TYPES OF MONITORING SITES: Remote sites no more than 500-1000 km apart and away from obvious human disturbances, bodies of surface water, or areas of high geothermal flow where the ground cover is left undisturbed. The best results are obtained from measurements in relatively impermeable bedrocks or where there has been minimal groundwater movement. To ensure a good representation of climate-induced change, measurements should be made in clusters of boreholes drilled specifically for this purpose.
SPATIAL SCALE: patch to landscape / mesoscale to continental
METHOD OF MEASUREMENT: Many parameters must be measured, and many factors need to be considered when converting the signal to changes in surface temperature. Temperatures must be accurately measured (+/-millidegrees) in boreholes, using thermocouples, thermistors, thermoresistors and other measuring devices. Automated data loggers are most convenient for repeated measurements.
FREQUENCY OF MEASUREMENT: At least once every 5 years for deep boreholes, more frequently (as often as twice daily) for near-surface temperatures in permafrost.
LIMITATIONS OF DATA AND MONITORING: The thermal coupling of the Earth's surface to the atmosphere is complex, and the temperature signal recorded in the near surface is a filtered version of changes in surface climate. Physical movements in the active layer of permafrost regions complicate the picture [see frozen ground activity], as do the effects of snow cover and vegetation in temperate and tropical areas, and human activities such as urbanization, agriculture or deforestation. Moreover local topography, precipitation, hydrology and vegetation can mask the downward propagation of atmospheric temperatures. The installation of bore-holes disturbs the natural temperature regime, which should be allowed to recover before monitoring begins.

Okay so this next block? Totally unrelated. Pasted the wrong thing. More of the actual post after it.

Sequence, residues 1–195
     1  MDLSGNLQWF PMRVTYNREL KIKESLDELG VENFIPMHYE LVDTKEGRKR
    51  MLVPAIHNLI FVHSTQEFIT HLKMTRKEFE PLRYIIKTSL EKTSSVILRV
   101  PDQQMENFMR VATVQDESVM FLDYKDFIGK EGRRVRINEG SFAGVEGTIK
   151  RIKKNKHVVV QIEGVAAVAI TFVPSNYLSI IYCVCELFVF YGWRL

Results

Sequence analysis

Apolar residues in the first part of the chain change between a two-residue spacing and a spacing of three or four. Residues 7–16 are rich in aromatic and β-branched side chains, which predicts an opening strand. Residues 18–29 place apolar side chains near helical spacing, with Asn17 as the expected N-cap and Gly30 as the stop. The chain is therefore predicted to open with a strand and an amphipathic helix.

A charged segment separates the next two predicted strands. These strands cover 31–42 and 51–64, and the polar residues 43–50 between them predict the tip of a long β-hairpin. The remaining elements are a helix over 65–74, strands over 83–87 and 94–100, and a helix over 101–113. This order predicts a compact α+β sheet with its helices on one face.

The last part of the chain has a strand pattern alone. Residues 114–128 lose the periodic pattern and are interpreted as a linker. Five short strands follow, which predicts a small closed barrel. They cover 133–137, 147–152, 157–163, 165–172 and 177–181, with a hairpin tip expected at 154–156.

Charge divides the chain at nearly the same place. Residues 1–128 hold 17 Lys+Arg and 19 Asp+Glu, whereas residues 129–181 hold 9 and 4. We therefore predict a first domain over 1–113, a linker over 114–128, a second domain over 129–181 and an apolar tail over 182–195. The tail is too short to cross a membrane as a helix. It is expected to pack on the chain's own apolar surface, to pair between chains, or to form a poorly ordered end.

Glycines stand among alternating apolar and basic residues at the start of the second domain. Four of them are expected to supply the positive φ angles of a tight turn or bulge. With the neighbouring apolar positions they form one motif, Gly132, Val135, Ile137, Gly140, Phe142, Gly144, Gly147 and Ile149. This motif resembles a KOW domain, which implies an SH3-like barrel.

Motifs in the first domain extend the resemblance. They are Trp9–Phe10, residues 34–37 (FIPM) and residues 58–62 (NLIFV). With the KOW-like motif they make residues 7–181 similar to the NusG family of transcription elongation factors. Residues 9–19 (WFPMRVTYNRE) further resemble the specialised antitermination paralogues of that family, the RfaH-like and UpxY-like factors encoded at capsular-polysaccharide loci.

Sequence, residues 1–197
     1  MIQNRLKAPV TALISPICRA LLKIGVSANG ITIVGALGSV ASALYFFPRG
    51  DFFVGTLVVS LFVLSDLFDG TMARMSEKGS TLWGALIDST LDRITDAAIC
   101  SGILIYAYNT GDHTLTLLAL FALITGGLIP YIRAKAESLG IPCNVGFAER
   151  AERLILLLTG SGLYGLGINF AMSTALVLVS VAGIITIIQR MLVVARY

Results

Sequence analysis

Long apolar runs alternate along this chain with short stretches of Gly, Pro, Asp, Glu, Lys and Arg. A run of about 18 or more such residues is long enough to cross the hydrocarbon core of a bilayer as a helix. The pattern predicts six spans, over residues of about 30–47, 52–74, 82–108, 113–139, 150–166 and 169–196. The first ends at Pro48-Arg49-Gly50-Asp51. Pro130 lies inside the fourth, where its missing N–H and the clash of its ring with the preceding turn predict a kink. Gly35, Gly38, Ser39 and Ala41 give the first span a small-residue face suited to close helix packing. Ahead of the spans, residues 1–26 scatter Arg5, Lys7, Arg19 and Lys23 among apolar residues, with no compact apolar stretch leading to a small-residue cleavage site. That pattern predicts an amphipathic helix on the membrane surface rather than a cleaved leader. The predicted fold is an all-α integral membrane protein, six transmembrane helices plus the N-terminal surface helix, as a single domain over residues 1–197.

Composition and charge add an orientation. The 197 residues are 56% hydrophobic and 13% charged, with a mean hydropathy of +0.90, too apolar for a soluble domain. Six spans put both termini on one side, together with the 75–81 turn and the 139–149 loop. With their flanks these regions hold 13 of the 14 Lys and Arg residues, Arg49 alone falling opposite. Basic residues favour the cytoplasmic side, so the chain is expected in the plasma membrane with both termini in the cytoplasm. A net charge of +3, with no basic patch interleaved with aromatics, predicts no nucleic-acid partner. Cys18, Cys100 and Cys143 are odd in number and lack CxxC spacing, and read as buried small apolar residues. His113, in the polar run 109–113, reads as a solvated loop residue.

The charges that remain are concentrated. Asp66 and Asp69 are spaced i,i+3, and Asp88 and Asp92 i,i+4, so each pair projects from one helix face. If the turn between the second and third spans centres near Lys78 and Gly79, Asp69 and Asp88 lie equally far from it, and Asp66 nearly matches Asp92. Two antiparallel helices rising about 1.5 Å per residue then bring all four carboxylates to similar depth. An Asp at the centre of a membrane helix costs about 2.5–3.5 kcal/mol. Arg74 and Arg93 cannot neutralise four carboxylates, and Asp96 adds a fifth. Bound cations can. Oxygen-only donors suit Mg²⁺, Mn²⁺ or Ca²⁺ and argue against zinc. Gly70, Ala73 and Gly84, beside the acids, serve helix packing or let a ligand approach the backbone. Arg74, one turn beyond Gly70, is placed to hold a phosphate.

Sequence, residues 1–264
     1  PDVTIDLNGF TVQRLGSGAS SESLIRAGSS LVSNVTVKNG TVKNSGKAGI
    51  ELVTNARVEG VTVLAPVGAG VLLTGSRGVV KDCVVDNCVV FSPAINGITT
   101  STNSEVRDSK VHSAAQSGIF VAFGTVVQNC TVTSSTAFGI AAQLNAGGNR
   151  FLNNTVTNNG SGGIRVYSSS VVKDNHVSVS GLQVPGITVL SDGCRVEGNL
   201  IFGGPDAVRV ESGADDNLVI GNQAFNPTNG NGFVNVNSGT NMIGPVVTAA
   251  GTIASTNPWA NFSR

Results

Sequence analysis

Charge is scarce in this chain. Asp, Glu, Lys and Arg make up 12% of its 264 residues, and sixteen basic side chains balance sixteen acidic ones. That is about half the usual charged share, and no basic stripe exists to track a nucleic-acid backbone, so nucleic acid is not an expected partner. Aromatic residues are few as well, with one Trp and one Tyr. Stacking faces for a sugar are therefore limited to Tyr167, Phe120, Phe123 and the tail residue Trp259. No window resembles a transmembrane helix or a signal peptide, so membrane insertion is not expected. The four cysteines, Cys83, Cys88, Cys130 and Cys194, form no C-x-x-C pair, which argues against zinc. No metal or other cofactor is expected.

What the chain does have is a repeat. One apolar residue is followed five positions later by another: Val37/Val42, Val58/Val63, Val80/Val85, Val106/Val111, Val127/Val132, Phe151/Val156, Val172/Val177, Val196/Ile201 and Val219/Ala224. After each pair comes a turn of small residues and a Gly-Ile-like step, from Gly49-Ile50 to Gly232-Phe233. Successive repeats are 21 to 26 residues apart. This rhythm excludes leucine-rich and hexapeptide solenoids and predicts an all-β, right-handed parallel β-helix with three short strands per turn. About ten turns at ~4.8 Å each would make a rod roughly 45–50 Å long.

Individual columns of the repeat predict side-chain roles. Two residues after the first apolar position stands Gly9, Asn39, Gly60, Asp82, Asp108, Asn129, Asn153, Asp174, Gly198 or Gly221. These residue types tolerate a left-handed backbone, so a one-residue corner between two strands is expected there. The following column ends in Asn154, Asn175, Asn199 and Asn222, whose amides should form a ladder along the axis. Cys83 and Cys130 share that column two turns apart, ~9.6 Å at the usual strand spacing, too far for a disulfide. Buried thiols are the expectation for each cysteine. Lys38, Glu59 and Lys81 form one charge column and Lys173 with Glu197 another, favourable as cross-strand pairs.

APPLICATIONS TO PAST AND FUTURE: Inversions of subsurface temperature profiles can provide a record of surface temperature, especially over the last 200-300 years, and a reliable indication of average surface temperatures of the past. Deep borehole records can yield records back 10,000 years or more.
POSSIBLE THRESHOLDS: In near-surface permafrost, the freeze-thaw threshold, which may vary in temperature according to soil and water salinity, controls a wide range of surficial (periglacial) processes [see frozen ground activity].
Lachenbruch, A.H. & B.V.Marshall 1986. Changing climate: geothermal evidence from permafrost in the Alaskan Arctic. Science 234: 689-696.
Lewis,T. (ed.), 1992. Climatic change inferred from underground temperatures. Global and Planetary Change 6:71-281.
Williams, P.J. & M.W.Smith 1989. The frozen Earth - fundamentals of geocryology. Cambridge: Cambridge University Press.
OTHER SOURCES OF INFORMATION: Geological surveys, International Heat Flow Commission (IASPEI), World Data Center-A for Heat Flow, IPA.
RELATED ENVIRONMENTAL AND GEOLOGICAL ISSUES: Climate change, groundwater flow. Changes in near-surface ground temperature may affect soil fauna and sensitive surface vegetation.
OVERALL ASSESSMENT: The subsurface temperature regime is a direct measure of ground temperature history. It constitutes a very important indicator of thermal change in the periglacial environment, in soils (e.g. due to past deforestation, draining of wetlands), and in climate.